A database management system (DBMS) is a software package designed to define, manipulate, retrieve and manage data in a database. A DBMS generally manipulates the data itself, the data format, field names, record structure, and file structure. It also defines rules to validate and manipulate this data.
The disadvantages of the database management system approach are summarized as follows:
(1) Complexity: The provision of the functionality that is expected of a good DBMS makes the DBMS an extremely complex piece of software. Database designers, developers, database administrators and end-users must understand this functionality to take full advantage of it. Failure to understand the system can lead to bad design decisions, which can have serious consequences for an organization.
(2) Size: The complexity and breadth of functionality make the database management system (DBMS) an extremely large piece of software, occupying many megabytes of disk space and requiring substantial amounts of memory to run efficiently.
(3) Performance: Typically, a File-Based system is written for a specific application, such as invoicing. As result, performance is generally very good. However, the DBMS is written to be more general, to cater for many applications rather than just one. The effect is that some applications may not run as fast as they used to.
(4) Higher impact of a failure: The centralization of resources increases the vulnerability of the system. Since all users and applications rely on the availability of the database management system (DBMS), the failure of any component can bring operations to a halt.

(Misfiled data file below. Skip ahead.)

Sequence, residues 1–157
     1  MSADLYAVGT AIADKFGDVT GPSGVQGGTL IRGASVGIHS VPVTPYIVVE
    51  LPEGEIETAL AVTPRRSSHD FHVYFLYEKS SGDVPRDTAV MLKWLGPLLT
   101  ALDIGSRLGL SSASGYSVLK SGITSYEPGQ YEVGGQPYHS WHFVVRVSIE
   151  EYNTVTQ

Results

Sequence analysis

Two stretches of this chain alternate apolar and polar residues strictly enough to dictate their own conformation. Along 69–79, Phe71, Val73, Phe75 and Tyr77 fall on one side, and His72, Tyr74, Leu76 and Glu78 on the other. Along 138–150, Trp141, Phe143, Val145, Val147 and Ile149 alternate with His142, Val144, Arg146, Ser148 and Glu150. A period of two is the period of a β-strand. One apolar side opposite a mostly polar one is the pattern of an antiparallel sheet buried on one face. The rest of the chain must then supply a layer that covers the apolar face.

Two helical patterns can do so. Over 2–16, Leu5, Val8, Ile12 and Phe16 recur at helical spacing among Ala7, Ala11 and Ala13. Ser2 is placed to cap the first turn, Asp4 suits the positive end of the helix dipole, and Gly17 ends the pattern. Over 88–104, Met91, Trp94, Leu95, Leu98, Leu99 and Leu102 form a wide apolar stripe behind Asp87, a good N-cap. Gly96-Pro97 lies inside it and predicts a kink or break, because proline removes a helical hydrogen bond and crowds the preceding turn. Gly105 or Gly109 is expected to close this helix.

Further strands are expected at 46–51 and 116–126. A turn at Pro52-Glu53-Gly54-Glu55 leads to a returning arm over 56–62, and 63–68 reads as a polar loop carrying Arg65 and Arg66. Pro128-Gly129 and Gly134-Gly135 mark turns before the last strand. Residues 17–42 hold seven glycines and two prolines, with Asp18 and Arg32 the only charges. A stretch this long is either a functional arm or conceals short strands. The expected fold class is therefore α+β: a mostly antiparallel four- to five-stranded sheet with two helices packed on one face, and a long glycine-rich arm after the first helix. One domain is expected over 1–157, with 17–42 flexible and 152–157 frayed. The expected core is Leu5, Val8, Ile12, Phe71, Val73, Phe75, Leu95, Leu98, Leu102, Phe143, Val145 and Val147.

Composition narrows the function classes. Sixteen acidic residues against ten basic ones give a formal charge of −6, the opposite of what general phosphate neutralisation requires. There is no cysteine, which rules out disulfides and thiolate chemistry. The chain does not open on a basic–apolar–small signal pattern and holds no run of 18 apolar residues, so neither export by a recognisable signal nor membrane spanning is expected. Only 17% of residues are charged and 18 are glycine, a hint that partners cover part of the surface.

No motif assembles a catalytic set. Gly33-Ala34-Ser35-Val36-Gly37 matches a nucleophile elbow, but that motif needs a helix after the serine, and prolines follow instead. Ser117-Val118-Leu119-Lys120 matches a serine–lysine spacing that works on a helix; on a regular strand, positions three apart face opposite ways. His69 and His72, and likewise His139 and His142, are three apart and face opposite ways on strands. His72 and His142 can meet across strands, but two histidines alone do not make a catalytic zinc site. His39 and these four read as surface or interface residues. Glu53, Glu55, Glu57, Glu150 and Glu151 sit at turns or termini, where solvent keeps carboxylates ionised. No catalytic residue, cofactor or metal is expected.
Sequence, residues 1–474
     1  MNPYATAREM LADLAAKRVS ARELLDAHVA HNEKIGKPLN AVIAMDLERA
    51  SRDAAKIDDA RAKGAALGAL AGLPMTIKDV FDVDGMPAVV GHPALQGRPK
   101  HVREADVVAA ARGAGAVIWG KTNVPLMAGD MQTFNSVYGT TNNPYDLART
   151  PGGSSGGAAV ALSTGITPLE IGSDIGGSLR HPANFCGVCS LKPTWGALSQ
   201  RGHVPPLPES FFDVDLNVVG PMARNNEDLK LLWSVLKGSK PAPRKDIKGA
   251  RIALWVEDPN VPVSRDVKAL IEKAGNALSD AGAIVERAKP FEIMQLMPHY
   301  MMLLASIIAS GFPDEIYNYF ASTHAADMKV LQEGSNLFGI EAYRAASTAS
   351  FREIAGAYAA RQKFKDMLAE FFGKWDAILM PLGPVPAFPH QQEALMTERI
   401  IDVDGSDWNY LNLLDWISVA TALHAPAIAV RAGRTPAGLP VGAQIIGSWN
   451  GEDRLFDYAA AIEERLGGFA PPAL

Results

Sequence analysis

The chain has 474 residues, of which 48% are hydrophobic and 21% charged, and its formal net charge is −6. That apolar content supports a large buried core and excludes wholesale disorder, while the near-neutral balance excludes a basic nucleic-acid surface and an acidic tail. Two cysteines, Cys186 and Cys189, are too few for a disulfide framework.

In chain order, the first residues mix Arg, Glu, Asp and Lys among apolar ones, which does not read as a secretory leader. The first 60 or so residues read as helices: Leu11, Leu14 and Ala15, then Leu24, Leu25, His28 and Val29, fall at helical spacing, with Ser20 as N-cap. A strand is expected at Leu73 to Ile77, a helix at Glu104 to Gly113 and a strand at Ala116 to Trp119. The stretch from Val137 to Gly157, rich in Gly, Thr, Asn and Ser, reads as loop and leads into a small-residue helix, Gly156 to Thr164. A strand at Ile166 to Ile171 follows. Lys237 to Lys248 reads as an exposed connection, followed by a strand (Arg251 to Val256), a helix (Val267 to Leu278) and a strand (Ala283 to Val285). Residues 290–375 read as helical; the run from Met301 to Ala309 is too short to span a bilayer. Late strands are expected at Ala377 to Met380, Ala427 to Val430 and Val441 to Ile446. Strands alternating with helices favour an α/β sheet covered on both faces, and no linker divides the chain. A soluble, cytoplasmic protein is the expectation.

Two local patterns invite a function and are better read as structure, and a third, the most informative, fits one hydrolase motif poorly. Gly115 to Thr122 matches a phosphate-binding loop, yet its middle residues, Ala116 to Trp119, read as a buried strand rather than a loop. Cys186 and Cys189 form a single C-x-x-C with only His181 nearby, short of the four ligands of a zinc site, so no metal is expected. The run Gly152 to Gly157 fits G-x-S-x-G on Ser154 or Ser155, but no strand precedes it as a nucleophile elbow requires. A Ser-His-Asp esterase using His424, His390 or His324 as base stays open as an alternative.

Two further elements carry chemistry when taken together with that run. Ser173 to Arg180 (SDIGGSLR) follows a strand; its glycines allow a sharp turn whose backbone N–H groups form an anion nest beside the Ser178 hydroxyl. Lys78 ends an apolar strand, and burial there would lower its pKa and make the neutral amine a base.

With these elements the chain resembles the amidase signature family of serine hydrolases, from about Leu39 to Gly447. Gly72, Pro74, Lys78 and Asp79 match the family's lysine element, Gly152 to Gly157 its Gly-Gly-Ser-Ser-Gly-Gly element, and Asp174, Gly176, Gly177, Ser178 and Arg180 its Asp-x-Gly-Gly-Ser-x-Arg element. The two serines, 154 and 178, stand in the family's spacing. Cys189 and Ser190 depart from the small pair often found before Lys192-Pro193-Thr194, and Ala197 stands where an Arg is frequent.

(5) Cost of DBMS: The cost of DBMS varies significantly, depending on the environment and functionality provided. There is also the recurrent annual maintenance cost.
(6) Additional Hardware costs: The disk storage requirements for the DBMS and the database may necessitate the purchase of additional storage space. Furthermore, to achieve the required performance it may be necessary to purchase a larger machine, perhaps even a machine dedicated to running the DBMS. The procurement of additional hardware results in further expenditure.
(7) Cost of Conversion: In some situations, the cost often DBMS and extra hardware may be insignificant compared with the cost of converting existing applications to run on the new DBMS and hardware. This cost also includes the cost of training staff to use these new systems and possibly the employment of specialist staff to help with conversion and running of the system. This cost is one of the main reasons why some organizations feel tied to their current systems and cannot switch to modern database technology.